Competitiveness clusters

  

The European Union is seeking to promote clusters of large companies, SMEs, researchers, and other economic actors to help foster innovation, bring together a critical mass of commercial and R&D expertise and get maximum value from investment.

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Overview

Europe invests billions of euros in knowledge-based industries, but there is concern that links between industry and research are weak, and that market fragmentation is causing investment to leak out of the research infrastructure. 

At present, there are the 2,000 or so European competitiveness clusters in existence, but the European Commission wants to transform these into world-class innovation centres. 

The EU executive defines a 'cluster' as "a group of firms, related economic actors and institutions that are located near each other and have reached a sufficient scale to develop specialised expertise, services, resources, suppliers and skills".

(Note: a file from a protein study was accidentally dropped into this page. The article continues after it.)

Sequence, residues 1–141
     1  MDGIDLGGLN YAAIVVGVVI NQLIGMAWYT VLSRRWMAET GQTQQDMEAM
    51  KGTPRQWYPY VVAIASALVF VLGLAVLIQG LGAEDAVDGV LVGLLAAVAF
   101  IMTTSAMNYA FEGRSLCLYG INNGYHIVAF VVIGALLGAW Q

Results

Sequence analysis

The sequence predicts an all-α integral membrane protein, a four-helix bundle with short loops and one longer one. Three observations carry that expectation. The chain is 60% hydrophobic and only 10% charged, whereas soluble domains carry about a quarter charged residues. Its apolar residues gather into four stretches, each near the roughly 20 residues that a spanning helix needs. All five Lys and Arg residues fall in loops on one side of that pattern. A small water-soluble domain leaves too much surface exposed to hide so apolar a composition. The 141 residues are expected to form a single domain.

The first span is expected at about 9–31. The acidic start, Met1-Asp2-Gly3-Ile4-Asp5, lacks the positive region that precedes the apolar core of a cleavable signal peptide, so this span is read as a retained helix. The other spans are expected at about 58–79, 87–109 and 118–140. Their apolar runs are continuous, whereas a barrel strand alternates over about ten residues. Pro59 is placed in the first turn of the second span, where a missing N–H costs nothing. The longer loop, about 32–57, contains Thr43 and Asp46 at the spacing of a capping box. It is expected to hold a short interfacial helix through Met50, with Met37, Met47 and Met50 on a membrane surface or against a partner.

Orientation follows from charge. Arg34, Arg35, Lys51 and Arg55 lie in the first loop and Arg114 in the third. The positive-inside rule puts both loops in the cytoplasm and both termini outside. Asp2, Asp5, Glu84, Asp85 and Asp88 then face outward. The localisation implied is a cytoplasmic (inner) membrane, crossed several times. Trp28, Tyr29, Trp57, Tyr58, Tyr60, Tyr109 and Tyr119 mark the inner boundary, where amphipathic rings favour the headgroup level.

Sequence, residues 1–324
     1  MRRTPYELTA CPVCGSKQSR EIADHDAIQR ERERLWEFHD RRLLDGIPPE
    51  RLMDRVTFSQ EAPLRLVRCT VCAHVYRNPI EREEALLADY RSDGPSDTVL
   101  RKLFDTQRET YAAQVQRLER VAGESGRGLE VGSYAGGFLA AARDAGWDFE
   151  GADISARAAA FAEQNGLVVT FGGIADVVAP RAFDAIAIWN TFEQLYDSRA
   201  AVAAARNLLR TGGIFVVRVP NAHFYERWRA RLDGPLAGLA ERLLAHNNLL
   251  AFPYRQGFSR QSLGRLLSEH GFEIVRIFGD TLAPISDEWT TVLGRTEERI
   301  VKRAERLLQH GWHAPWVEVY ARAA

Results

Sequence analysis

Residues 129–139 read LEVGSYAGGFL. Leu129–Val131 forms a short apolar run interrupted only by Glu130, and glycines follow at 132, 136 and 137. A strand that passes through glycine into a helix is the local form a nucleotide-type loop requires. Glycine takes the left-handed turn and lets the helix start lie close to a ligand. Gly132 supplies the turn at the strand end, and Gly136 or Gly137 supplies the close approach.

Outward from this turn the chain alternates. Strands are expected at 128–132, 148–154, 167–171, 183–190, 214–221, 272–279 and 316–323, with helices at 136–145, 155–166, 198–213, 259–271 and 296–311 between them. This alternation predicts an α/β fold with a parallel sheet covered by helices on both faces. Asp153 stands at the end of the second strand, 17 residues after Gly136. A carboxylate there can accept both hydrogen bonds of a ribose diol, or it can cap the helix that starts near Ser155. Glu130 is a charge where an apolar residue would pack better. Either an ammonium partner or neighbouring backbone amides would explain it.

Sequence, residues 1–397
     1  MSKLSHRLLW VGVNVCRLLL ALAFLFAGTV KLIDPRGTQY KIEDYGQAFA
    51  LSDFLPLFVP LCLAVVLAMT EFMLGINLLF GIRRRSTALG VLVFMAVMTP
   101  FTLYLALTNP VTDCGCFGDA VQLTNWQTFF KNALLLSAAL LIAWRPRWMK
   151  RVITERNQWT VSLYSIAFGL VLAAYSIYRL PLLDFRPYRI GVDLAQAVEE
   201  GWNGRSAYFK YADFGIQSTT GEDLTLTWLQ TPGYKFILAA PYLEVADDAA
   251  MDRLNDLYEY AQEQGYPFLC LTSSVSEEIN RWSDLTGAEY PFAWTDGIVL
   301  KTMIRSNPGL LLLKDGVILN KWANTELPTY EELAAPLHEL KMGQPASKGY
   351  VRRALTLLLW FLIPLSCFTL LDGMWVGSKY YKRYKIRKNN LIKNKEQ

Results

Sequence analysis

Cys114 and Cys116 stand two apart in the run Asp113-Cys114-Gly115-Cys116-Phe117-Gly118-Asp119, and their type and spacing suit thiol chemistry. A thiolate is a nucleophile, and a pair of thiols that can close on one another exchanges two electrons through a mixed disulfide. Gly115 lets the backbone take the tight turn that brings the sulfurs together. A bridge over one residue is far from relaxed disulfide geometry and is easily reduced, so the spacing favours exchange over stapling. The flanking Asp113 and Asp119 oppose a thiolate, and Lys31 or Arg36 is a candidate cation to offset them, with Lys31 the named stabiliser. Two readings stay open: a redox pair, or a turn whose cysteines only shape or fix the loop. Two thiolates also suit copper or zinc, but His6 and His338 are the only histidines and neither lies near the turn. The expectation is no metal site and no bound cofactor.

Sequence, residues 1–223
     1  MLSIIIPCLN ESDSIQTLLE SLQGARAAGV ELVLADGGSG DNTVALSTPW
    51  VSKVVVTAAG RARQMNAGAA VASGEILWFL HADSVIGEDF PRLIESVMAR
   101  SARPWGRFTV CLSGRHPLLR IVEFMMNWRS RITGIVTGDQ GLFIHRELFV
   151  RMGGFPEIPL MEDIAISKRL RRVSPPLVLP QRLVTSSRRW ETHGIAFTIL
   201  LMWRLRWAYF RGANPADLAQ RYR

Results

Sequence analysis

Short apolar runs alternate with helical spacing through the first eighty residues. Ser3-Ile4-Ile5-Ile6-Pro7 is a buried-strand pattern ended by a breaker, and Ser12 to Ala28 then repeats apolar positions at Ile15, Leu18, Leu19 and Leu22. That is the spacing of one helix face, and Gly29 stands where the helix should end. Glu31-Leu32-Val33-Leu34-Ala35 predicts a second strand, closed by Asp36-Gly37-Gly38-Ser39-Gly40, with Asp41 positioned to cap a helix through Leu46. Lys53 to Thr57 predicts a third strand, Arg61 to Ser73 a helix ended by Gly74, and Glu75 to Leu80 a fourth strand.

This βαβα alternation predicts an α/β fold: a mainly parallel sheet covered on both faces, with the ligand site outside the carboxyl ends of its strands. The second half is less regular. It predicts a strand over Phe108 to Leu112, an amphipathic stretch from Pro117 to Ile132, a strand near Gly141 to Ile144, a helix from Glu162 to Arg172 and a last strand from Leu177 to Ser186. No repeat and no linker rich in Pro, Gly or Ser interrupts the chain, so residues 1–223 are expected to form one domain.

The Commission highlighted strengthening competitive clusters as a priority for promoting innovation in a 2006 communication. In October 2008, the European Cluster Policy Group was established as part of this effort. This could lead to the establishment of a self-sustainable, not-for-profit European Cluster Manager Association, which would help to raise the profile of clusters and attract funding (EurActiv 20/10/08). 

Clusters are primarily viewed as a market-driven phenomenon, rather than something designed and propped up by governments. However, public policy in several member states since the end of the 1990s has sought to encourage universities and research institutes to play a role in the emergence of strong clusters. 

Some observers warn against too much state intervention in supporting clusters, fearing that 'manufactured' clusters would be less dynamic. 

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